Blogging since 1998. By David Wertheimer

Month: June 2002 (Page 1 of 4)

C’est moi

Finally had some free time last night, so I revised the about pages of this site, thereby bringing the redesign more or less to a close.

There’s a little left to do; the search and contact pages could use a goosing, and the archives are still in the old page format, perhaps appropriately so. I’ve also got to get the database URLs out of ?id= format and into straight page identifiers, but that’s another story.

On an unrelated note, the book’s Amazon Sales Rank dipped to 122 this morning from a high of 114 last night (and the publisher is still not positive why). Not bad, but somehow not yet enough for Amazon to put it in its bestseller lists. C’mon, Amazon, show it off some more! Is that too much to ask?

Hot property

“The Site Speaks for Itself” is, as I write this, number 237 146 125 in Amazon’s Sales Rank listings.

That’s one hundred and twenty-five. Out of some two and a half million books. Hoo hah!

If you’ve spotted the book being promoted somewhere, please tell me; I’d love to know about it. If you’re not yet familiar with the book, visit Amazon’s main listing or their excellent Look Inside pages.

[See also: Behold the navel-gazing author, posted June 20]

My blog surf

Been meaning to do this for a while: Here’s a list of all the weblogs I frequent. It covers every site in my trio of blog favorites folders, which I recently revised. I try and visit each site on this list at least once a week, and they all get my recommendation.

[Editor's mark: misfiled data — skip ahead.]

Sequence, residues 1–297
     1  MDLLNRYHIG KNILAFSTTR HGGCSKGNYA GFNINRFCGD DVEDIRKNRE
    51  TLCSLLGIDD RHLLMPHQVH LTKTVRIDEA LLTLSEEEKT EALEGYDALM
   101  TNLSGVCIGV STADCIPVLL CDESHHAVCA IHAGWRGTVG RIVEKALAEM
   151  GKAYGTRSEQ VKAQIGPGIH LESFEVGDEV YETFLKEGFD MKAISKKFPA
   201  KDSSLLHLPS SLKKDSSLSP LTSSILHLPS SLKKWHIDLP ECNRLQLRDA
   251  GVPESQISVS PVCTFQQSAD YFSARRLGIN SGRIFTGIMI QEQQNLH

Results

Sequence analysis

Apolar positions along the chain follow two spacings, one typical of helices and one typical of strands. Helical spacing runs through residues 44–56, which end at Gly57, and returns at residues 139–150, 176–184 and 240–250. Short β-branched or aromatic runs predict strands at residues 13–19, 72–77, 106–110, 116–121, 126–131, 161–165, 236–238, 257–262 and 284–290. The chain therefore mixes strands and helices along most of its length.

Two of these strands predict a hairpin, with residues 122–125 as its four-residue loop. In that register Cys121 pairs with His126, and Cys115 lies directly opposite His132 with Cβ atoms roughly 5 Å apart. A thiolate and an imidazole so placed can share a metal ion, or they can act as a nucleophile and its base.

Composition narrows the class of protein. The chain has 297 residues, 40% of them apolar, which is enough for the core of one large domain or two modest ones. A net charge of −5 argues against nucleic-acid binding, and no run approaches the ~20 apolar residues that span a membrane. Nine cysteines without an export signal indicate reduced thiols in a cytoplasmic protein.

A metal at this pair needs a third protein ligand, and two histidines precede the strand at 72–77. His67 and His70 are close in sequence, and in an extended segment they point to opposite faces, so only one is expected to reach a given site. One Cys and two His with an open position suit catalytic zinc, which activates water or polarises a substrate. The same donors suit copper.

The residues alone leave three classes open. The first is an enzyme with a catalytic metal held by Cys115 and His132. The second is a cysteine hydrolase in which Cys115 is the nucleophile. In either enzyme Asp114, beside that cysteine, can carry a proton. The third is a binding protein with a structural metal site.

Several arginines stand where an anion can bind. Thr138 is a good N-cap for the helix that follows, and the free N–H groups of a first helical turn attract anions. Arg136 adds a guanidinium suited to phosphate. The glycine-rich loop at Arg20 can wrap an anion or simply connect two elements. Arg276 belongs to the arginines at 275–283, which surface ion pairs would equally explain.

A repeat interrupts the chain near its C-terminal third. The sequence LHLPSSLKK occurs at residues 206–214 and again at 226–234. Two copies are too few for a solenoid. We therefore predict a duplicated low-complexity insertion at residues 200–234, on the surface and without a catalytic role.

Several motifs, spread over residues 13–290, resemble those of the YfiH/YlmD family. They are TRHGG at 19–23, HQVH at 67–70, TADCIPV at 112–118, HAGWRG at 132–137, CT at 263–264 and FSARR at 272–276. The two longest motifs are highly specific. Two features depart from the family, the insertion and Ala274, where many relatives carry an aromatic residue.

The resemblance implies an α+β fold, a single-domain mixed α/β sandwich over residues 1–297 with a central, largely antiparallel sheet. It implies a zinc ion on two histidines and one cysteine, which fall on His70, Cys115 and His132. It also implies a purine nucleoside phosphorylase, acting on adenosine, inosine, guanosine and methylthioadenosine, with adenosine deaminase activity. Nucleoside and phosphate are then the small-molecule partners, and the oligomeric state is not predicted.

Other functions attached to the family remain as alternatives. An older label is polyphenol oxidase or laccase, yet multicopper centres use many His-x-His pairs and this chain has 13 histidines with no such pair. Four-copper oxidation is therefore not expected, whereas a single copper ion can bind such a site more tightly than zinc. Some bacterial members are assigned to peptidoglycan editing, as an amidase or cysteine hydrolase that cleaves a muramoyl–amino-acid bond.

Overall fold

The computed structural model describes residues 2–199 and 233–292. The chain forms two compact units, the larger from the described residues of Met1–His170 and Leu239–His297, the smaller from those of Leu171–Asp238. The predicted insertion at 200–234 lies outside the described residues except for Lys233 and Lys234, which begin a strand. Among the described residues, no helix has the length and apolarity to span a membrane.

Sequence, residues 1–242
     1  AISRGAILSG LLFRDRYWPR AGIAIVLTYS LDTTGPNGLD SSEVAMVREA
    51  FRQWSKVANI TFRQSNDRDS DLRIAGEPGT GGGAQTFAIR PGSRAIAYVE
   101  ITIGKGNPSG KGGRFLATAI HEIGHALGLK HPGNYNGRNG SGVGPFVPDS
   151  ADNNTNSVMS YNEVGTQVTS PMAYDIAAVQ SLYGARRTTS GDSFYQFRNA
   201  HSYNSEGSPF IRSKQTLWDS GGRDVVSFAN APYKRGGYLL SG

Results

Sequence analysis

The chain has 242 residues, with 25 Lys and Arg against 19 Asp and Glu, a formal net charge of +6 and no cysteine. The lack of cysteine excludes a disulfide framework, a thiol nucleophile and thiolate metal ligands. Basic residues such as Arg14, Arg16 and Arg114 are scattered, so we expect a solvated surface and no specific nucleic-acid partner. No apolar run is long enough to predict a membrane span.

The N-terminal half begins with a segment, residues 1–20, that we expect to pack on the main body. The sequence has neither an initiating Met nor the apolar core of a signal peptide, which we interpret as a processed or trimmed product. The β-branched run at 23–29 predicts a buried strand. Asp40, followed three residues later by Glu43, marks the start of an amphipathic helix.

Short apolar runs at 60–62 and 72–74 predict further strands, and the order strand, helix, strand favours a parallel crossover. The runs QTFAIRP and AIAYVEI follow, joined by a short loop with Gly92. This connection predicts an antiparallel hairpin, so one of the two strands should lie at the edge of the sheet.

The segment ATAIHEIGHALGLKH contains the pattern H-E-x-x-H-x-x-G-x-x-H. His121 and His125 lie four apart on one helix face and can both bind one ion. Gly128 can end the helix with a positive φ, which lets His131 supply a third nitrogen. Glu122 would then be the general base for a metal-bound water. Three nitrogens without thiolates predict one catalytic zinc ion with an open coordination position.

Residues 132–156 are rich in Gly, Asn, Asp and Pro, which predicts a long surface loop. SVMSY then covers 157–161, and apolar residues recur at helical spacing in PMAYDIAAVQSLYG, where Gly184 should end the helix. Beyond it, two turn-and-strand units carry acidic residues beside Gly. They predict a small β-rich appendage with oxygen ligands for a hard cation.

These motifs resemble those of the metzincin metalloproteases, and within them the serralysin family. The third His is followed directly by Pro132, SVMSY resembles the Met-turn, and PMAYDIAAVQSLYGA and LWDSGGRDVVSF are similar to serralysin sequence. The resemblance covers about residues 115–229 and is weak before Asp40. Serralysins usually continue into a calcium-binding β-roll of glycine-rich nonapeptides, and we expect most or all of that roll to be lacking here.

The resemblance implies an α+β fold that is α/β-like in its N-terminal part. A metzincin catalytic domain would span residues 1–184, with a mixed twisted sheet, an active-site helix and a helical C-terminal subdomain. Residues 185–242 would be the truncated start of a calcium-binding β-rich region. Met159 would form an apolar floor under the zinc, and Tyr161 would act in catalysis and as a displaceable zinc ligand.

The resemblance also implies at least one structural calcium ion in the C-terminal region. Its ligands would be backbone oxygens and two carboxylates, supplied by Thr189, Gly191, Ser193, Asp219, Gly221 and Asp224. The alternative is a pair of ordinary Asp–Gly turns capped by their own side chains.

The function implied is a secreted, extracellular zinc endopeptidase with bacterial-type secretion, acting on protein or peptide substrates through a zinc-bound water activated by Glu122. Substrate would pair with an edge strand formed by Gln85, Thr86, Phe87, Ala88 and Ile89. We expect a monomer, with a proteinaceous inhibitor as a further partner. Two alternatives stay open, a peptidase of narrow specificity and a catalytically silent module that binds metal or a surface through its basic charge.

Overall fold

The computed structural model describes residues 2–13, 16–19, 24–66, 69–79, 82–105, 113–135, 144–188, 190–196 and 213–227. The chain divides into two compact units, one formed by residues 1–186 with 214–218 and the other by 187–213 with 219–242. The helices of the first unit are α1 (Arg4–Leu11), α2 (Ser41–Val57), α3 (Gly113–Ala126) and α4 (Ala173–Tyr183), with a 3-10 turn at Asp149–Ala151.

And by weblogs, I mean weblogs. This list excludes all commercial (e.g., metadata (Evolt, Metafilter) and semi-professional (The Morning News) Web sites—many of which I visit, but that’s a list for another day.

This list is gently categorized, and in no particular order within each category (it was supposed to be, but IE’s export feature didn’t cooperate).

General weblogs

37signals: Signal vs. Noise

Anil Dash

Boing Boing



Noise Between Stations Blog

maybe i still am!

february 7



Off On A Tangent Daily


what’s in rebecca’s pocket?

tins Rick Klau’s weblog

misterpants – Welcome

Nick Finck

Nick Denton

Q Daily News



Acts of Volition

Living Can Kill You

Jerry Kindall

The Study of Design

Not updated regularly

Strange brew



[nicole] NYC

stating the obvious

the nubbin


powazek productions personal log

Mighty Girl

Wrap Me Up in It

whatever, whenever

nothing, and lots of it



Andre Torrez

In Spite of Years of Silence





LILEKS (James) The Bleat

a jaundiced eye – the weblog

eatonweb blog

bradlands daily text

Tomato Nation

The War Against Silence



Design and usability


SAP Design Guild


Tasty Bits from the Technology Front


Boxes and Arrows

Elegant Hack blog

In My Experience…

The End of Free


Joel on Software


There was sunshine, and there was relaxation; and there was a six-and-a-half-pound filet mignon, and enough veal parmigiana and pasta to choke an Italian villa; and there was a fine and fun round of golf, and there was a barbecue, and there was wine and cheese and crackers and vegetable chips and corn; and there was kick-boxing, and there was store-bought breakfast, and there was sun and swimming at a beautiful home tucked into the trees; and there was traffic, and there was a lap through Target Greatland; and there was sushi and Tasti D Lite, designed to ease the transition back into Manhattan, winding down a delightful weekend out of town.

Book Excerpt: content design concepts

A dissection: What constitutes a good content-based Web site? An excerpt from my chapter on in “The Site Speaks for Itself.”

Concept: Good Site Content

A fundamental issue behind the redesign effort was a deceptively straightforward question: what constitutes a good content-based web site?

My job as design director for was to define quality content delivery, and to both embrace and expand that definition for our site.